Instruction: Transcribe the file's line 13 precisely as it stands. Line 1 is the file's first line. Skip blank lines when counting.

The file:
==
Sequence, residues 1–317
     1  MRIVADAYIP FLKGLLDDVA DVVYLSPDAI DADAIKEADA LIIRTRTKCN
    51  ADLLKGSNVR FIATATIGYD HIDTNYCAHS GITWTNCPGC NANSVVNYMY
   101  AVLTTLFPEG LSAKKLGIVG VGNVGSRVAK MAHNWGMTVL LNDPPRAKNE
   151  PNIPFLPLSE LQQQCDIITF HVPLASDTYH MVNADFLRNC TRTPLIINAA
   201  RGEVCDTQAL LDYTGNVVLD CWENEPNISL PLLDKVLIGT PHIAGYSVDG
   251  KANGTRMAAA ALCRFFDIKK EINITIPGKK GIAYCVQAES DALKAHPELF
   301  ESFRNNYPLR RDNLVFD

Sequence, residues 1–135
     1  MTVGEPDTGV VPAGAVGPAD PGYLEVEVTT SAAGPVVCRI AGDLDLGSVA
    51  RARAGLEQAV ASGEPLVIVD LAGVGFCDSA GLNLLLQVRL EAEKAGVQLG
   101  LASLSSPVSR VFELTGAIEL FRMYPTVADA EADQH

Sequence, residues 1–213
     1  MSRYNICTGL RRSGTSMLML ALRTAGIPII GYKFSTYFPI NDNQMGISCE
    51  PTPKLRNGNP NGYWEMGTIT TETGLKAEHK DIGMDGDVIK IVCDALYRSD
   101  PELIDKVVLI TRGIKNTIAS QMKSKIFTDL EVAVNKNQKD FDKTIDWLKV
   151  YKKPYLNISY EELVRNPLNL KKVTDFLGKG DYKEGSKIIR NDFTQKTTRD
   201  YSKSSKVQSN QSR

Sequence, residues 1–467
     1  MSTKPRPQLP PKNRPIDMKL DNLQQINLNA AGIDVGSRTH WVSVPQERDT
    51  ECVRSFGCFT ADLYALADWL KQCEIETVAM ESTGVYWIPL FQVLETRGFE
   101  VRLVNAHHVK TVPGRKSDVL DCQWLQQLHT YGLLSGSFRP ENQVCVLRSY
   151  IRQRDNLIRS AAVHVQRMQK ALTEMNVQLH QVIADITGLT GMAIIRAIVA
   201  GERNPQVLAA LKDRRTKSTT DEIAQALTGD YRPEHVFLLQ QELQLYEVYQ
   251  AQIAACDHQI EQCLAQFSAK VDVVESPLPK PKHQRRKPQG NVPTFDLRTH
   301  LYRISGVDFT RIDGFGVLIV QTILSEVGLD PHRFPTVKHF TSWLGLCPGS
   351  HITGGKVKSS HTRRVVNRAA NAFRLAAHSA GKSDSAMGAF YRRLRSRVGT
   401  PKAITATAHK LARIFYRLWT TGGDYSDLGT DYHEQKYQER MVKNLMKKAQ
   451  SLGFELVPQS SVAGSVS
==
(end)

Sequence, residues 1–213